TI-RTOS

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TI-RTOS
Developer Texas Instruments
OS family Real-time operating systems
Working state Current
Source model Open source
Initial release 1985 (age 31–32)
Latest release 2.20 / June 2016
Marketing target Embedded systems
Platforms TMS320 DSPs, ARM, MSP430
Kernel type Microkernel
License BSD / EULA
Official website www.ti.com/tool/ti-rtos

TI-RTOS is an embedded tools ecosystem created and offered by Texas Instruments (TI) for use in a wide range of their embedded processors. It includes a real time operating system component called "TI-RTOS Kernel" (formerly known as "SYS/BIOS", which evolved from "DSP/BIOS") along with additional components that support device drivers, networking connectivity stacks, power management, file systems, instrumentation, and inter-processor communications like DSP/BIOS Link.

TI-RTOS can be used within TI’s Code Composer Studio integrated development environment, IAR Systems' IAR Embedded Workbench, and the GNU Compiler Collection (GCC). Separate versions of TI-RTOS are provided to support TI's MSP43x (including MSP432), SimpleLink Wireless MCU, Sitara, Tiva C, C2000, and C6000 lines of embedded devices.

TI-RTOS provides a wide range of system services to an embedded application such as preemptive multitasking, memory management and real-time analysis. Because TI-RTOS can be used in such a wide variety of different microprocessors with very different processing and memory constraints, it was designed to be highly configurable.

History[edit]

The roots of TI-RTOS were originally developed by Spectron Microsystems (a subsidiary of Dialogic Corporation) as the first real time operating system developed specifically for digital signal processors and was named SPOX. Spectron Microsystems eventually also developed a second product called BIOSuite that included a light-weight real time kernel and various associated tools that allowed for configuration and real-time analysis.

Spectron Microsystems was eventually acquired by Texas Instruments [1] and the SPOX and BIOSuite products were combined into a single microkernel product called DSP/BIOS. The DSP/BIOS RTOS product underwent significant changes to its API in version 6.0.[2] With the release of version 6.3 in August 2010, DSP/BIOS was renamed SYS/BIOS in order to reflect its support for microcontrollers beyond DSPs.[3] With the release of version 6.40 in April 2014, SYS/BIOS was renamed TI-RTOS Kernel and made a tightly-integrated component of the TI-RTOS product suite.[4]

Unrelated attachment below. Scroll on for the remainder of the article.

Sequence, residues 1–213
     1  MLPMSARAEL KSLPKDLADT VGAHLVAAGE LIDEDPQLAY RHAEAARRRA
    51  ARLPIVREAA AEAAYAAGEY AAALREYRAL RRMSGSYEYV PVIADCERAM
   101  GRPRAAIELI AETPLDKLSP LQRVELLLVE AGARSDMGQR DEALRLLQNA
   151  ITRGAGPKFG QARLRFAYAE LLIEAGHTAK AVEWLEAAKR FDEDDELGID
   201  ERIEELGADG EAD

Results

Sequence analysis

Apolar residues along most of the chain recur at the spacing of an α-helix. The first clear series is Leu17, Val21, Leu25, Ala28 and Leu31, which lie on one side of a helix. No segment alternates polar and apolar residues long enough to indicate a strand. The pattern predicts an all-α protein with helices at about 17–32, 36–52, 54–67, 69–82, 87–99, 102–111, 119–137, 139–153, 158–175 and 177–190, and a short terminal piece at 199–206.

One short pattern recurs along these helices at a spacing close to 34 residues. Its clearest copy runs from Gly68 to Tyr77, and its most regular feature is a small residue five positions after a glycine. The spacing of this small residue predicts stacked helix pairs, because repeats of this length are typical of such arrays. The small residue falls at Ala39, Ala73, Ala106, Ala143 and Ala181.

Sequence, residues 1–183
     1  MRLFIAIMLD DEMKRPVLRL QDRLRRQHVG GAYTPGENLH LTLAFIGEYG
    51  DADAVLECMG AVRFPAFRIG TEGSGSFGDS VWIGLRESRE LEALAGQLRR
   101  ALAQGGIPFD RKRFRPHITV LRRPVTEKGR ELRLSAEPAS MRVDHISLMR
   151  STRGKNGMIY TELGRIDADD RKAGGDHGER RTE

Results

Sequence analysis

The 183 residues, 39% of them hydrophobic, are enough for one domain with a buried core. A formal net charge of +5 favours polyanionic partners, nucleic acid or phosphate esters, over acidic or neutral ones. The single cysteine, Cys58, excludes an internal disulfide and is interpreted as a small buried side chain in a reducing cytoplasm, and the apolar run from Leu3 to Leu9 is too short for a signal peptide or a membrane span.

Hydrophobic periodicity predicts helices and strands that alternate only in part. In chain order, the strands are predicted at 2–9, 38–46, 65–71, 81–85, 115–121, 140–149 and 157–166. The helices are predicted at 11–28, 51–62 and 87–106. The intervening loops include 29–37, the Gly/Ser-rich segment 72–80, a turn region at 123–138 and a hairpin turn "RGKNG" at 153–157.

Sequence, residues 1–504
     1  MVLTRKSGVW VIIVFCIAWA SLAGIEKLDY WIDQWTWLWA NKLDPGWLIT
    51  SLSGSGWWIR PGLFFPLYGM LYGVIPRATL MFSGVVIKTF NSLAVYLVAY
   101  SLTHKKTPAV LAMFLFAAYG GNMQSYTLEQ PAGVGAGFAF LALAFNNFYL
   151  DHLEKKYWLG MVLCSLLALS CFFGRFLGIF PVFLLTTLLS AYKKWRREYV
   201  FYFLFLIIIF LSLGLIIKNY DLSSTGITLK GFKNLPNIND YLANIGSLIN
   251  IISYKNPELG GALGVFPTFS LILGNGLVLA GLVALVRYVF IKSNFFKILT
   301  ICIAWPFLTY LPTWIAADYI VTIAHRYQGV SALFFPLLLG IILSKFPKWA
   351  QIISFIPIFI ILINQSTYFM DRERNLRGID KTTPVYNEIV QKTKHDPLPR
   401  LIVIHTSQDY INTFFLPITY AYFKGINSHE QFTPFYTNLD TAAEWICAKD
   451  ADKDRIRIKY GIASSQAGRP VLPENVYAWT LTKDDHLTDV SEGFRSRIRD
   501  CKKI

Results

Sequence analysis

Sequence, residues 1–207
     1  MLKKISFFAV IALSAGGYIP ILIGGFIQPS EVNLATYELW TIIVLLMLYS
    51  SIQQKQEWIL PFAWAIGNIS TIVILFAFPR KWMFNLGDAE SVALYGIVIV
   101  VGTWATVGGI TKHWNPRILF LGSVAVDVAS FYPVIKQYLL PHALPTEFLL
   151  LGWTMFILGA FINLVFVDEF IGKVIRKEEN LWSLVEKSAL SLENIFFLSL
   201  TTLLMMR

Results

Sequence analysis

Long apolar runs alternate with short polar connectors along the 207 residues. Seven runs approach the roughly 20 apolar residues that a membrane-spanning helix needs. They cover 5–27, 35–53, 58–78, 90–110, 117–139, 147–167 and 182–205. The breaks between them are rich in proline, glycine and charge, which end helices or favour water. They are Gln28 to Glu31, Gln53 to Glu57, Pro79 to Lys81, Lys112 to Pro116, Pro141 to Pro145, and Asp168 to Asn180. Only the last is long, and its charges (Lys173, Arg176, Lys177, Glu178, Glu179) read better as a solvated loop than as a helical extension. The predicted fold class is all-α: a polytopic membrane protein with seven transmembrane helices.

TI-RTOS 1.00 was initially released in July 2012.[5] for TI's microprocessors[6] The 2.00 release of TI-RTOS in April 2014 completed the renaming process and integrated the TI-RTOS Kernel and other components under one software umbrella.

Component overview[edit]

TI-RTOS consists of the following components, some of which are not available for all embedded target families:

  • TI-RTOS Kernel: Embedded RTOS formerly called SYS/BIOS
  • TI-RTOS Drivers and Board Initialization: Target-specific device drivers. Drivers include Ethernet, GPIO, I²C, I²S, PWM, SPI, UART, USB, Watchdog timer, and Wi-Fi.
  • TI-RTOS Network Services: Stacks to support the TCP/IP, HTTP, and TLS/SSL protocols
  • TI-RTOS Interprocessor Communication: APIs to support communication between TI's embedded processors (Evolved from DSP/BIOS_Link)
  • TI-RTOS Instrumentation: APIs and tools for real-time performance and behavior analysis
  • TI-RTOS File System: APIs to support the FAT file system

Licensing[edit]

Most of the TI-RTOS components are released under the BSD License. Any user can rebuild the kernel using the included source code.

RTOS kernel overview[edit]

Organization[edit]

The TI-RTOS Kernel[7] is made up of a number of discrete components, called modules. Each module can provide services via an API and is individually configurable. For example, system semaphores are provided by a module called ti.sysbios.knl.Semaphore and the developer can choose whether this module is included in the runtime image or optimized out. If the module is included, the user can configure various aspects of the Semaphore module and can also configure instances of semaphores to be created as soon as the system starts up. The Semaphore module also provides an API so that semaphores can be created, posted, pended and deleted while embedded program runs.

Threading[edit]

TI-RTOS Kernel provides support for several different types of threads in an embedded system.

  • Hardware Interrupt (Hwi): support threads initiated by a hardware interrupt.
  • Software Interrupt (Swi): structured to be similar to Hwis, but allow processing to be deferred until after a hardware interrupt has completed.
  • Task: a discrete thread that can execute or block while waiting for an event to occur.
  • Idle: the lowest priority thread that only runs when no other thread is ready to execute.

Memory management[edit]

TI-RTOS Kernel provides tooling to set up an embedded system’s memory map and also to allow memory buffers to be allocated and deallocated while the system runs. The type of memory manager used during runtime is actually configurable so that memory fragmentation can be minimized if necessary.

Real time debugging[edit]

TI-RTOS Kernel provides modules that allow it to provide information about how the system is executing. This includes how different threads are loading the CPU over time as well as logging events as they occur in both the system application as well as within the TI-RTOS Kernel itself. In addition, the Code Composer Studio integrated development environment can take this logged data and graphically display it for the developer.

References[edit]

External links[edit]